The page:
Based in Novosibirsk, Siberia, Russia, Ploho is one of the most prominent purveyors of a “new wave of Russian music,” reflecting its homeland by way of a cold, wistful style of rock.
Wielding melancholy guitars, minimalist beats, and deadpan Russian vocals, Ploho draws inspiration from the aesthetic and sounds of the late Soviet era of the 1980s, just before the collapse. The band’s bleak rock references Russian bands of that time period, such as Kino, as well as post-punk royalty like Joy Division. More than just a time capsule, Ploho’s music serves as an eerily perfect soundtrack to our own strange time as well.
Formed in 2013, the trio has emerged as a household name in its native Russia, and has slowly built up a dedicated fanbase in Europe and abroad. To date, Ploho has recorded four albums and several EPs, as well as more than 10 singles, which they supported by touring more than 40 cities in Europe, several times. The band has appeared at prominent festivals including Боль in Russia, Kalabalik in Sweden, and Platforma in Lithuania.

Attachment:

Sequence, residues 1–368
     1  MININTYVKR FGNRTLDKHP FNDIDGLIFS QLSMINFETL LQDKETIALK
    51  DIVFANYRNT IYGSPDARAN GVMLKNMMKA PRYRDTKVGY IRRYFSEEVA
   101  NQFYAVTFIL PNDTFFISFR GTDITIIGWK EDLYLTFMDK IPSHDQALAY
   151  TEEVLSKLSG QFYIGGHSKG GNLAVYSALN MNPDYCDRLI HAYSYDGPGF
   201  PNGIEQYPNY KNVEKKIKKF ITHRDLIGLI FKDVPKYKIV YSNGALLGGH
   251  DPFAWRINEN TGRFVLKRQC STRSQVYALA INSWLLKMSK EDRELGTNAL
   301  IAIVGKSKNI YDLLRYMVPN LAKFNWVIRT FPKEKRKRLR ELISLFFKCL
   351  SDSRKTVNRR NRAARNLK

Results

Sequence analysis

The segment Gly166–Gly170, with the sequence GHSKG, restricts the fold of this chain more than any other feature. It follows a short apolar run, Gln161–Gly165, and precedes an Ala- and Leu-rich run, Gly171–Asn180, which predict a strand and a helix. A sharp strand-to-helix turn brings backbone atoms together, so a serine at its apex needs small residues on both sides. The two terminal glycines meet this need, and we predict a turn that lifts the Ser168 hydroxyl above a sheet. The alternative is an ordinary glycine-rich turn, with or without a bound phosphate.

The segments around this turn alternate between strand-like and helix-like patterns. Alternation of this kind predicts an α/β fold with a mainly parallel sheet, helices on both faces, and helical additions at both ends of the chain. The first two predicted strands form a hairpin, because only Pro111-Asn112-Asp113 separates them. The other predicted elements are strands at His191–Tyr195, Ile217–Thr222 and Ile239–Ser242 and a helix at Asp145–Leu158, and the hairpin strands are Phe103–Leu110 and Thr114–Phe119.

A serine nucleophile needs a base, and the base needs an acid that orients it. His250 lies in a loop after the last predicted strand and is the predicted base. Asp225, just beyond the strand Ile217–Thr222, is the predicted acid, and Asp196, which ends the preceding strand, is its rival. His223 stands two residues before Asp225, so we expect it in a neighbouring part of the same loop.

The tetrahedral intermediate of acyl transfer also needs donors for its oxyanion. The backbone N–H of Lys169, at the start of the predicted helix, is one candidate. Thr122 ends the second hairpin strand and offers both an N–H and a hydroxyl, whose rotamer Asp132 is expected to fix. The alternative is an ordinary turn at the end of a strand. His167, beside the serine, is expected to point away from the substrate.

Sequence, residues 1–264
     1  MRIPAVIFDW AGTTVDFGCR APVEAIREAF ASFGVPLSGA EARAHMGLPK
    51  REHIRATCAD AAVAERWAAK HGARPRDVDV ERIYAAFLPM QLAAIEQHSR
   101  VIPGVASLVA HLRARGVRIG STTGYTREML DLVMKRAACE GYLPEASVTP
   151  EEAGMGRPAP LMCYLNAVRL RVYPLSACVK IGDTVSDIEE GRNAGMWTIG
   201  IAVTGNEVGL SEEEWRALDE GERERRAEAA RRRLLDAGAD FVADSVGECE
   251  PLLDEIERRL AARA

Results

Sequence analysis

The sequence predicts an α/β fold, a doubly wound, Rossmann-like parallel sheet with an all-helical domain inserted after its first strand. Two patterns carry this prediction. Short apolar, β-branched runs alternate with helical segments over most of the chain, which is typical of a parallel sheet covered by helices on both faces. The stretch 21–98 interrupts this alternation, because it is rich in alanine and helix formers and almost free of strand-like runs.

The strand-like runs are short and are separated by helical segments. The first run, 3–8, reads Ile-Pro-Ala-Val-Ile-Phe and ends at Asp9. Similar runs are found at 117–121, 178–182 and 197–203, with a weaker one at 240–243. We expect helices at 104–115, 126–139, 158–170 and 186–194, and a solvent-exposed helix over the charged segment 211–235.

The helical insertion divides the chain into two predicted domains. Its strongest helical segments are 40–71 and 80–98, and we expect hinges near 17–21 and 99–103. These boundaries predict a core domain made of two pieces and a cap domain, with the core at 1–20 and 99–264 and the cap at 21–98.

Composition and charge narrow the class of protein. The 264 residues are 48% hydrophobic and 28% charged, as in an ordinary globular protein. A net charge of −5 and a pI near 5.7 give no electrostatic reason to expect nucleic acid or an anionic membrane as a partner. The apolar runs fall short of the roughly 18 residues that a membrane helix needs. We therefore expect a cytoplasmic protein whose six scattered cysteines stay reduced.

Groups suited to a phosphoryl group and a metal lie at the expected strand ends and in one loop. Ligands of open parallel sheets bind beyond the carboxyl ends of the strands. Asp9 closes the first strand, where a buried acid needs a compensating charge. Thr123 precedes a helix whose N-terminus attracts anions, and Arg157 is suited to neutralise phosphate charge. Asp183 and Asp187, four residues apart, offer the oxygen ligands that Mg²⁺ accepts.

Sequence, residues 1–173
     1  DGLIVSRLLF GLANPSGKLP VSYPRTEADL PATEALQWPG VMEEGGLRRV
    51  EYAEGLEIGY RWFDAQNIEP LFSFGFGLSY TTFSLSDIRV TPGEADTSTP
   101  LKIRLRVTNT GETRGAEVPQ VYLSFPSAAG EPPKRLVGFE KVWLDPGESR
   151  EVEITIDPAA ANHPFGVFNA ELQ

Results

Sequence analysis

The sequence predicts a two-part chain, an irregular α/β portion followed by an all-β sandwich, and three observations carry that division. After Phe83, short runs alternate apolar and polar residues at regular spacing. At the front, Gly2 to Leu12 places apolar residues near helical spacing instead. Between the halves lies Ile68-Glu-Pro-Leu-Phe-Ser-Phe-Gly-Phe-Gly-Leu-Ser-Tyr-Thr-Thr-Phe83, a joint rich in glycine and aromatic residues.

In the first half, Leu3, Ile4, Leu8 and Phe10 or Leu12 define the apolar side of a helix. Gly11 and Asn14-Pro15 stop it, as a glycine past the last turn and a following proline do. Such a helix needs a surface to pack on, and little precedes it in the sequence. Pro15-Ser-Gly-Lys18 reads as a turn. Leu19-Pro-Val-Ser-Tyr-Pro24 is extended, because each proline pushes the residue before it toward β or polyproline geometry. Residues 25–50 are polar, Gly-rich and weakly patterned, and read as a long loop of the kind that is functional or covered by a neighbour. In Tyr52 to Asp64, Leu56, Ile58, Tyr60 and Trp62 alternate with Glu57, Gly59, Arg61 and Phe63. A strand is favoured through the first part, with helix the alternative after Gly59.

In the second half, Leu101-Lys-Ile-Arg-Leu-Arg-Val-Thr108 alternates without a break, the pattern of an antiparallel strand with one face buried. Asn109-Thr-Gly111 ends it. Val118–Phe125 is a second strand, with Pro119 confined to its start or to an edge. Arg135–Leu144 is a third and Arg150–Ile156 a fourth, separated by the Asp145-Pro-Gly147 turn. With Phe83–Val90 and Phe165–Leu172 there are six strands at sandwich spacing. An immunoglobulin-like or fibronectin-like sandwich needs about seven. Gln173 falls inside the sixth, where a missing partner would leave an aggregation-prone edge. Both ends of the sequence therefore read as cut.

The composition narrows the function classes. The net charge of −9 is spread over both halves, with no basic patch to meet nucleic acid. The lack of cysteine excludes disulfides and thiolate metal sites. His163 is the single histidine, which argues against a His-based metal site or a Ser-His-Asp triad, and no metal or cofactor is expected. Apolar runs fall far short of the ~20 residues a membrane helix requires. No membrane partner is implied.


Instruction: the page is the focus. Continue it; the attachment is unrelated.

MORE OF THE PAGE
Latest album Пыль (Pyl) caught the attention of Belarusian band Molchat Doma (Sacred Bones Records), who teamed up to co-record this song in 2019.
A string of evocative music videos has also helped convey the band’s distinctly Russian vision. In its premiere of the video for the song “Горький опыт” earlier this year, Post-Punk.com enthused: “The video is brilliant, continuing the stylized vignettes found in their previous video… This time, we are exposed to scenes of children tattooing, organized crime ransacking a market, a bratty child, and a bittersweet romance, all within the confines of a bus traveling night and day across brutalist landscapes.